I loved Ole Golly. She’s the only one in the story who really “gets” Harriet, and when she leaves to get married Harriet sorely misses her. Ole Golly is honest and compassionate, and her words of wisdom are a lifeline in Harriet’s world of adults who don’t know what to do with her. She loves Harriet in a no-nonsense, non-mushy, decisive way.

Harriet leads a pretty nice life, complete with a nurse and a cook and cake with milk every day at 3:40. She’s also rather spoiled and behaves rudely to her parents and teachers. She has a spy route that involves sneaking into other people’s property and writing down what they do and say. Her impressions are usually negative, but she has a lot of questions and a genuine desire to learn. There is something very likable and real about her, and the difficult learning she experiences over the course of the story is very convincing.

I loved the variety of characters in the book. Really there are no “normal” people in Harriet’s neighborhood. The people she spies on run the gamut of quirks, and so do her friends. Janie has a chemistry set and wants to blow up the world. Sport cooks and cleans and generally takes care of his writer father. Ole Golly’s mother is handicapped.

The story first came out in 1964, and Harriet’s freedom in her Manhattan neighborhood calls forth a more innocent time. She’s definitely a free-range kid, left to her own devices much of the time, and she makes her share of poor decisions and gets into her share of trouble. Her use of her time is always active and interactive with others, never in isolation with a device. It reminds me of my own childhood, and how much more time I spent away from adult supervision than my own children do. A lot of my sense of who I am grew in those times. It’s a whole dimension of life that’s lost for them… or at least, that doesn’t begin as early in life as it did back then.

Mostly I liked Harriet’s realism as a feisty pre-teen hungry to learn, full of bravado but unsure of herself, piecing together her interpretation of the world. I wonder what she’d write about me:

Janet has a crease between her eyebrows. She must scowl a lot. She tells me it’s a thinking wrinkle, but I don’t see much difference.

Janet takes forever to make up her mind. She’s shopping for a coat, and it’s taking all day. If she asks me one more time which one I like best I’m going to scream and knock over a clothes rack.

Today Janet baked a cake, just because she read several times in the book about me that I have cake every day. I wonder if the book is really great, or if Janet’s really a pushover…

Steve Jobs

jobs-cover-250Though I’m neither an especially tech savvy person nor an Apple devotee, lately I’ve been hearing about Steve Jobs everywhere. He seems to be the one people like to quote, especially his comments about designing not the products people want, but the ones people would want if they knew they existed. When my husband watched a documentary about Jobs a few weeks ago and told me about it, that settled it. I had to read this bio by Walter Isaacson.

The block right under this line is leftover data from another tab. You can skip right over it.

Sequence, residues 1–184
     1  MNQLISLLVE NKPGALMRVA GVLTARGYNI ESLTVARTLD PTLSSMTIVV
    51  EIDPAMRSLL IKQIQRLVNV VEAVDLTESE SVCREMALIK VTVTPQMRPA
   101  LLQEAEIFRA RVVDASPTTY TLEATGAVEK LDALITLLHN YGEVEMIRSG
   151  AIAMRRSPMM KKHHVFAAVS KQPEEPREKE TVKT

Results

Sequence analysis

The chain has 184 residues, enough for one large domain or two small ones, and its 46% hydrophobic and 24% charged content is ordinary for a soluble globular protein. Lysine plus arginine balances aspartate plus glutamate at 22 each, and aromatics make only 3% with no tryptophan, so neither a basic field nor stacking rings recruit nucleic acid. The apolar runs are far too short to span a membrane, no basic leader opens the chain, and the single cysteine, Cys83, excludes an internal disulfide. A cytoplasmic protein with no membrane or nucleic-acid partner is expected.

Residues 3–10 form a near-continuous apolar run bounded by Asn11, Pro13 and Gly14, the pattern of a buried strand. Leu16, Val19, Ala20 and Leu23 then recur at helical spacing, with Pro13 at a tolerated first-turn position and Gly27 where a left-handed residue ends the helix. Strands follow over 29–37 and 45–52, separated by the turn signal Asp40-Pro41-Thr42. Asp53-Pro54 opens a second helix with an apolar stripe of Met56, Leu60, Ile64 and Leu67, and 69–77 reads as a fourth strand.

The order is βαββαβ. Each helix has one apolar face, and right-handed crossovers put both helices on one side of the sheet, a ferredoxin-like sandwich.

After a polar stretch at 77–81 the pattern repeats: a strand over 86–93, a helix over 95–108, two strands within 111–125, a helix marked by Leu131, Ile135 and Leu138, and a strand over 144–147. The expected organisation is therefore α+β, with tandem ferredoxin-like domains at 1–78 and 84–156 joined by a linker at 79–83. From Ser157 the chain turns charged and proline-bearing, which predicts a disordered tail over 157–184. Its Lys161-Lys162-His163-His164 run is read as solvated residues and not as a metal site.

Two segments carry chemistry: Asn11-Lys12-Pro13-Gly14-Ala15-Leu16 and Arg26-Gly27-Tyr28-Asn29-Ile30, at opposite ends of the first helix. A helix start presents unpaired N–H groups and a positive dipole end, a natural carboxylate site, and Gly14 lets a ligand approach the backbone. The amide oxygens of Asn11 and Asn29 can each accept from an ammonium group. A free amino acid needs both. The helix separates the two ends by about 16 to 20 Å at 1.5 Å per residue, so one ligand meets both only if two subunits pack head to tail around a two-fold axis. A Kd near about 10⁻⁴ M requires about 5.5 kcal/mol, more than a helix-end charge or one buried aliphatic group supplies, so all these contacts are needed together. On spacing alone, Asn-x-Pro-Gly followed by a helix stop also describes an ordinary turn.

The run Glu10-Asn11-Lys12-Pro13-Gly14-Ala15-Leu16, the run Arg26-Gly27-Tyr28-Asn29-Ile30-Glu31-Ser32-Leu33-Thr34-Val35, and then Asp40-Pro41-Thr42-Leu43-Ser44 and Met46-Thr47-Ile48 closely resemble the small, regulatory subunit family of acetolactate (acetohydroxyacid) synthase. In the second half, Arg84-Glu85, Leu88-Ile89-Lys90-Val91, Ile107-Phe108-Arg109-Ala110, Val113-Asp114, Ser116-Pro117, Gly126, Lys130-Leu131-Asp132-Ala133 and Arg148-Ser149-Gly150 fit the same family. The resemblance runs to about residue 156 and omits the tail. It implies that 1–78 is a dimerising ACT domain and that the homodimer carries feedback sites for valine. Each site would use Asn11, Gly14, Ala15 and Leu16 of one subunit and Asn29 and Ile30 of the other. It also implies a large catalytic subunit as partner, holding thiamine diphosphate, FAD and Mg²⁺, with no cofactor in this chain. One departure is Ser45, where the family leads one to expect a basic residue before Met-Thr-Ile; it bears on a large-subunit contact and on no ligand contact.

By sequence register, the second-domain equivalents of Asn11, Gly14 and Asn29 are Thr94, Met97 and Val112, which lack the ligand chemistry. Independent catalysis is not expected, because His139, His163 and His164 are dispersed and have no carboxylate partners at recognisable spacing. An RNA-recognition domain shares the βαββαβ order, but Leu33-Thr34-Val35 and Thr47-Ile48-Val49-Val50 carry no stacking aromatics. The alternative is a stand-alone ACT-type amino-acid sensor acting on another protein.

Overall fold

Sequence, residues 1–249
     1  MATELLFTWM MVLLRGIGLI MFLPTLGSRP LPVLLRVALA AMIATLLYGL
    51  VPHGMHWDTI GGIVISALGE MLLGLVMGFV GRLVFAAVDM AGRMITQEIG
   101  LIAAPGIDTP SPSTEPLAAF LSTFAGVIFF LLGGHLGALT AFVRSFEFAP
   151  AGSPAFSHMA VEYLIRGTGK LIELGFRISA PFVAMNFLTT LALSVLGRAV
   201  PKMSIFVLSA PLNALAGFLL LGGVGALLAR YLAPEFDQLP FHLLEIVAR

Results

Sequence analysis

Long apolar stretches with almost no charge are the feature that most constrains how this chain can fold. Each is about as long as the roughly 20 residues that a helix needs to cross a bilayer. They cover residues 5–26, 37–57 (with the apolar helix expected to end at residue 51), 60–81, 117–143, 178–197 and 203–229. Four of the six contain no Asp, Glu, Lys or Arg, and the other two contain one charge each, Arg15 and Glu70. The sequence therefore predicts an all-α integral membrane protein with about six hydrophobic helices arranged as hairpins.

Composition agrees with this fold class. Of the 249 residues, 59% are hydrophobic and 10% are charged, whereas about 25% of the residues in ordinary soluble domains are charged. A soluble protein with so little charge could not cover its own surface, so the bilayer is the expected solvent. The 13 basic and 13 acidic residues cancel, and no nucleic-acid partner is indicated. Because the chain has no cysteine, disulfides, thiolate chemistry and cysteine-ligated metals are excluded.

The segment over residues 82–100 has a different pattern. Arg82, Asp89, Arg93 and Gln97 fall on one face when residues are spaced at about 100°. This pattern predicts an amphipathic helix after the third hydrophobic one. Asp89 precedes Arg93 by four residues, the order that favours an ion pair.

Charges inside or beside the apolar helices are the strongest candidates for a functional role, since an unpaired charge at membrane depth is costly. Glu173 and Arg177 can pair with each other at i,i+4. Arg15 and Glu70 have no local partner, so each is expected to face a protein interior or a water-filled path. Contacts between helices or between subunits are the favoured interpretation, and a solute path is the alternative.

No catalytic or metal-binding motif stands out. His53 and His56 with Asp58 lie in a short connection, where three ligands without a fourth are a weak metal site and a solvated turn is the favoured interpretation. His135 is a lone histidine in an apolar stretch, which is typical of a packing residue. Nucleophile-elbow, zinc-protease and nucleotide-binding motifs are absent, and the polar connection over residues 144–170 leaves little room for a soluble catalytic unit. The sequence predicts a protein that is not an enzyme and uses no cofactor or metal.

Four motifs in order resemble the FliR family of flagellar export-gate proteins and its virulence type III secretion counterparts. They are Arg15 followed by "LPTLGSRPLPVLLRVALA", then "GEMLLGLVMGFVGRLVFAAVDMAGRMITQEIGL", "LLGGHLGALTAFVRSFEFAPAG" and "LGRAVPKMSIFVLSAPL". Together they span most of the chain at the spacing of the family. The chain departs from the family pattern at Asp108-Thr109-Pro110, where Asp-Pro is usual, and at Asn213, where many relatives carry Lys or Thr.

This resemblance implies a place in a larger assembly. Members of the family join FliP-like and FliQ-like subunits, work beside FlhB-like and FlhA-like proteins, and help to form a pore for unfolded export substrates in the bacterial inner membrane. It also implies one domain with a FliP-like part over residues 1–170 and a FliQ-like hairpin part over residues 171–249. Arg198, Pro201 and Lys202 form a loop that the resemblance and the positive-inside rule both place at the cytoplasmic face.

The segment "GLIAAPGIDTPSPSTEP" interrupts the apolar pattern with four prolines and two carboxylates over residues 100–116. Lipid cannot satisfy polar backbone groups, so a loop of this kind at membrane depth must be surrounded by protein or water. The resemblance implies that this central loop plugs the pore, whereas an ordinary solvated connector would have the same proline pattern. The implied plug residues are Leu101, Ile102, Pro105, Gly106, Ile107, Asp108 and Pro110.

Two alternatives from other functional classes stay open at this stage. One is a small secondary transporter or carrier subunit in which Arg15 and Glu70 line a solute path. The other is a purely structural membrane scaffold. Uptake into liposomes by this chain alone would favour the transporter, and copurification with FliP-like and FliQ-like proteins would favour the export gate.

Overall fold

The book offers a readable portrayal of a very complicated personality. Jobs is in some ways the quintessential American hero. He’s an orphan, not a child of royalty. His adoptive family was middle class, not a place of privilege. He dropped out of college. He made it big using his brains and ingenuity, without any help from an Ivy League transcript or a famous benefactor. Though he died of cancer a few years ago, the company he co-founded (with Steve Wozniak) is still tremendously successful. When it comes to fitting the pattern of the self-made man, Jobs pretty much nails it.

But there is a dark side to this mythology, too. Jobs was equally famous for his brutal honesty and explosive temper. Even those closest to him wondered at times if he simply lacked the filters that bear witness to shared humanity, but his use of meanness was so strategic that it seems to have been intentional. He was legendary for his intensity and drive for excellence, and he forged a company the goal of which was to create great products. His success at building an “A Team” despite his often boorish behavior testifies to what many have called his “reality distortion field” — his insistence on what seemed an impossible standard of performance that, through the sheer force of his personality, he enabled others to believe in and achieve.

I admired Jobs’s simple, elegant design aesthetic, but he came across as the ultimate control freak with his belief in end-to-end design — creating every element of a product from the design of a device to its operating system and software to its user interface. Though he started out as a hacker himself, he scorned “open system” philosophy that promoted licensing products to multiple users. Though being able to “mix and match” elements of a product encourages competition and gives consumers more choices, the idea of contaminating any Apple product with “outside” elements was heresy to Jobs. He viewed the world in binary terms; people were either villains or heroes (his terms are more profane than I want to quote here), and products were either amazing or total garbage. It’s hard not to hear a contempt for consumers: “People don’t know what they want until you show it to them,” he declares. He was so protective of his creations that eventually even the screws were hidden and the batteries were inaccessible in his devices. No one could even look inside and see how they worked.